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2022 SENG Annual Conference Notes

By Andrea Brucella Finnegan, M.S. Ed.

The 2022 SENG Annual Online Conference, Gifted and Growing Over a Lifespan, took place July 21-24th, consisting of over 50 presentations. The event provided outstanding learning opportunities that aimed to guide gifted and talented individuals to reach their goals and thrive. Packed with professionals, parents, and students sharing valuable advice and personal stories, attendees were provided with a kaleidoscope of helpful and uber-supportive sessions to devour. SENG’s mission to empower gifted/2e families and communities was evident in the amount of material covered in this professional, yet down-to-earth conference that left participants longing to keep the conversations going. With gratitude, this “treasure chest” event was made possible by Qualia, The School for Deeper Learning, The Open Window School, Summit Center, Amy Estersohn, The Davidson Academy, and Everyday Psychology.

SENG’s Opening Session Panel, “Wellbeing and Resilience for the Gifted: Narratives from Multiple Perspectives”, featured the personal perspectives and advice from gifted individuals, Nicole Mattingly, M.A., Mahala Burn, Ph.D., and Jordan O’Kelley, while moderated by Lin Lim, Ph.D.. Mattingly’s major takeaways stressed the need for being honest with ourselves about our strengths and weaknesses. Embrace the outlier status. Use intention to manifest your life’s ideal direction. Find the joy and empowerment that comes with understanding yourself and your unique journey. Mahala Burn shared what worked for her as a radically accelerated gifted student. She discussed the need to let go of people who aren’t supportive. She advised to learn as much as you can about yourself to become the best self advocate you can be. There’s no one who can support you like yourself. Jordan O’Kelley shared what has worked for his journey as a twice exceptional accelerated physics college student who managed to skip the high school scene. He shared that knowing what environment works best for yourself is crucial. Knowing when to make a change is crucial as well. If something isn’t working, understanding that building up the courage to go for things even if you have doubts was a very motivating piece of advice for any student or adult to hear. Each panelist felt like a close older sister or brother giving their heartfelt tips on how to live a resilient GT/2e life, based on what has worked for them. The main message - you’ve got this…and you’re not alone.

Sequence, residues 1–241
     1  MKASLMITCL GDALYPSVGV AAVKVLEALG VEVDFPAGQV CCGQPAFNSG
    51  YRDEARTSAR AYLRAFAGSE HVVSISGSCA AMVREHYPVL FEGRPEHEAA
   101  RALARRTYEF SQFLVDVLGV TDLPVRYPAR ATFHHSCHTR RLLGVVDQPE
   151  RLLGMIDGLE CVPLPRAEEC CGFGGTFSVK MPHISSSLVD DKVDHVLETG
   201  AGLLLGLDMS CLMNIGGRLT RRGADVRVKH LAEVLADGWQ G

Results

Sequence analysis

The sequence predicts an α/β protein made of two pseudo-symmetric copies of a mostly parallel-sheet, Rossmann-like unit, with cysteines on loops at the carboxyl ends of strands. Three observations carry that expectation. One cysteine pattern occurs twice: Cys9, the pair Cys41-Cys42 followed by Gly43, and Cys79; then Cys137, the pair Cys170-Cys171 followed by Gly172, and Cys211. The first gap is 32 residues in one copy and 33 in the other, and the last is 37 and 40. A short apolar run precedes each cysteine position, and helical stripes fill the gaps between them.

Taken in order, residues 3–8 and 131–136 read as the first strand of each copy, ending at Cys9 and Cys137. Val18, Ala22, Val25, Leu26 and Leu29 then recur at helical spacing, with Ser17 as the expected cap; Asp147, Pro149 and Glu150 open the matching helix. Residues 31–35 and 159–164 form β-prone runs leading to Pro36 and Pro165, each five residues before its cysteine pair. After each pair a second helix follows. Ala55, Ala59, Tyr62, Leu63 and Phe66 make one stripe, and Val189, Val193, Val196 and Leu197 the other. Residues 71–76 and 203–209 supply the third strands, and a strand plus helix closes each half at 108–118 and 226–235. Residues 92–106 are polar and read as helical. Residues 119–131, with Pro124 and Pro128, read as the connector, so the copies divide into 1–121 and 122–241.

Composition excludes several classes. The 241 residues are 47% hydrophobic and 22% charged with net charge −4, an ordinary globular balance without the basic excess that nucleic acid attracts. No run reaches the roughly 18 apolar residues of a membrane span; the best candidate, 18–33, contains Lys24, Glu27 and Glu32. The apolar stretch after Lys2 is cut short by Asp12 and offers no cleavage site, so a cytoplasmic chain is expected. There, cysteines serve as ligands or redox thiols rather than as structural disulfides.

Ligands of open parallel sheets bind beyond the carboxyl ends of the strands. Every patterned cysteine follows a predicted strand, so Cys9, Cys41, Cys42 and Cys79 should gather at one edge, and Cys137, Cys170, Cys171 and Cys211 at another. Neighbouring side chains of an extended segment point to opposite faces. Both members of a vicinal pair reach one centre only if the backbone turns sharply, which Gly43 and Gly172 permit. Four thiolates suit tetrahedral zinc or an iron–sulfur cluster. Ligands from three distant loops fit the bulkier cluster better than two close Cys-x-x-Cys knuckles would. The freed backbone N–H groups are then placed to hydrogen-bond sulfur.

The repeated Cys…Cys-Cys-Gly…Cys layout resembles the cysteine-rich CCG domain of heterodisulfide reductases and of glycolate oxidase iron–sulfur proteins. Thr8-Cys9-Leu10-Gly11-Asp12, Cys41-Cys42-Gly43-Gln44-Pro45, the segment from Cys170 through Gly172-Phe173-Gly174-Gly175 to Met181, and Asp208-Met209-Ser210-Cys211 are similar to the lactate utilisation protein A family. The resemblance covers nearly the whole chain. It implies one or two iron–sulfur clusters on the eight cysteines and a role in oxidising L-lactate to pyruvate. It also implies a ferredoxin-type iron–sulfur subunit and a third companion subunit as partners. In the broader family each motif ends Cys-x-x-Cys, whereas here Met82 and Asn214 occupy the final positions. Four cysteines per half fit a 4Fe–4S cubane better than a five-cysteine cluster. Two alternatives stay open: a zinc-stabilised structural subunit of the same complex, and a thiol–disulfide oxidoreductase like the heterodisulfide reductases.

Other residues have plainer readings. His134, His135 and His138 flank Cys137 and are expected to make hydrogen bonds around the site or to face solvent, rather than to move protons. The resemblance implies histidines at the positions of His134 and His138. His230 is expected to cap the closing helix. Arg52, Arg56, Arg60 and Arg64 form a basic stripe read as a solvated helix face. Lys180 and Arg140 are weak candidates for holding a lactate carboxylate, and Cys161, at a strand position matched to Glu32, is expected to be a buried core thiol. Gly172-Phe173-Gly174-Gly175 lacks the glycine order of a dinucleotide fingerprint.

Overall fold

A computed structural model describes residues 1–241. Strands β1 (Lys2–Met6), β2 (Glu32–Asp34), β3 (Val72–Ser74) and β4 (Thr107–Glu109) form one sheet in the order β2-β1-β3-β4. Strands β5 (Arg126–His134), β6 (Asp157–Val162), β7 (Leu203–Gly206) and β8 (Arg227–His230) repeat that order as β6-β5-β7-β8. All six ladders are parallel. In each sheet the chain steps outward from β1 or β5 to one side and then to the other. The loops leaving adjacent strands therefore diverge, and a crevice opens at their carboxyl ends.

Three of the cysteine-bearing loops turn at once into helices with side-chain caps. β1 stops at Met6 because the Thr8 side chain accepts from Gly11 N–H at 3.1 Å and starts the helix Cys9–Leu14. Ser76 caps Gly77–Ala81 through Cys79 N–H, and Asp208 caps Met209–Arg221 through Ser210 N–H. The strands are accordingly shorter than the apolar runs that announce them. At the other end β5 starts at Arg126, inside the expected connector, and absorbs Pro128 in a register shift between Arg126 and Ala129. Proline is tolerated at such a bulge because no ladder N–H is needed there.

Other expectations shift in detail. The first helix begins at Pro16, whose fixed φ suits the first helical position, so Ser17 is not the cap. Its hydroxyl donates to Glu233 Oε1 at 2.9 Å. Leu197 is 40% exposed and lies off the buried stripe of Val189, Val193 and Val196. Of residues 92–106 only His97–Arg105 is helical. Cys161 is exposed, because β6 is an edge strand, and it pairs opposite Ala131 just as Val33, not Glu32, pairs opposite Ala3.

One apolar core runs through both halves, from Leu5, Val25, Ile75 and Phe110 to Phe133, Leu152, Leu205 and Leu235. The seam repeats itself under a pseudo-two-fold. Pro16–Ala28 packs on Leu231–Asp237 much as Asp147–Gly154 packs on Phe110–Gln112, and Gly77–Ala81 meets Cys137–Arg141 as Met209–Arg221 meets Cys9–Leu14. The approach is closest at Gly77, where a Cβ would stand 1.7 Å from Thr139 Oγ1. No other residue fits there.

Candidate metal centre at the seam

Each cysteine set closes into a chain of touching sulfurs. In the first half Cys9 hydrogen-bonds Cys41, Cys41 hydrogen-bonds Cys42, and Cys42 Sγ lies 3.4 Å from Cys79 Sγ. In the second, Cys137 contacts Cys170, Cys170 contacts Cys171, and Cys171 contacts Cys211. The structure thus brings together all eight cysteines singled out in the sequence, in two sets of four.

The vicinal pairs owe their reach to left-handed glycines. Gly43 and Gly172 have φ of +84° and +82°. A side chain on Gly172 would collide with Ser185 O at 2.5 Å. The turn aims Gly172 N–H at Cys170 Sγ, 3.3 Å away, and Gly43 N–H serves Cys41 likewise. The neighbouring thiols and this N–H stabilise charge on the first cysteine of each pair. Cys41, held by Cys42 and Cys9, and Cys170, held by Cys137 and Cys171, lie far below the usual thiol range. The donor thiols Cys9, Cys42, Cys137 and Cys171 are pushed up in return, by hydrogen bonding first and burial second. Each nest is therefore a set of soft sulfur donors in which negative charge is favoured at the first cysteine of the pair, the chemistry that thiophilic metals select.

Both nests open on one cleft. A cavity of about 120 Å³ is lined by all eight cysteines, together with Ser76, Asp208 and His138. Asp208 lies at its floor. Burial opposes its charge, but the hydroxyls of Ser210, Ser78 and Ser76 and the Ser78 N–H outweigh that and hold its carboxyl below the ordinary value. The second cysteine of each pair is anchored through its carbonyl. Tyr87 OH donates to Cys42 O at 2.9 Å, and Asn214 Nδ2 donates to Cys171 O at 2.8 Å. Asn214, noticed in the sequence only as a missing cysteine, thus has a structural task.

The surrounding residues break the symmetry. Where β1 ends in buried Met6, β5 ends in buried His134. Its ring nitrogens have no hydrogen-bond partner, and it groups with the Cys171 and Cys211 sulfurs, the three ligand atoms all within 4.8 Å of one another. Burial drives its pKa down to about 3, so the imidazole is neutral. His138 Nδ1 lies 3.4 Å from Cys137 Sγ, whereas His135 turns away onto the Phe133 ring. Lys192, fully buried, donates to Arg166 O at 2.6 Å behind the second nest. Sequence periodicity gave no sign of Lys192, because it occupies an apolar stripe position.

Friday’s keynote speaker, Benjamin Koch, M.Ed. kicked off the day’s conversations with the importance of mindfulness and having purpose in all we do as people. His presentation, Change is Mandatory, Growth Is Optional: Purpose as a Compass to Navigate Life Challenges, cited that “80% of young people globally are vulnerable to depression, anxiety and disillusionment”. His message inspired listeners to design deeper purpose-aligned life goals and be vulnerable to achieve introspection of our existence. Mindfulness is more important than ever for ourselves and our children, and Benjamin's work is a reminder to take the time to make sure we are living our best life by paying attention to who we really are.

Friday’s mentorship panel titled, Mentorship is Key: Parent, Mentee, and Academic Perspectives Through Film beautifully combined Lin Lim, Ph.D’s NEST! Parenting Trifecta with the perspectives and narratives of mother-son duo Harri and Jordan O’Kelley. The components of Dr. Lim’s NEST! model listed the important components of parent support relationships, parent education, and the mentor-mentee relationship. Mom, Harri O’Kelley, shared about the mentors and opportunities that she sought out for her twice exceptional son throughout his childhood to allow him to thrive. Jordan O’Kelley talked about and expressed his gratitude for the mentors he has had in his life who have supported him over the years. Overall, this presentation was an inspiration to parents and mentors that mentorship is so incredibly powerful. Mentors allow us to see things inside of us that we may have never known were there.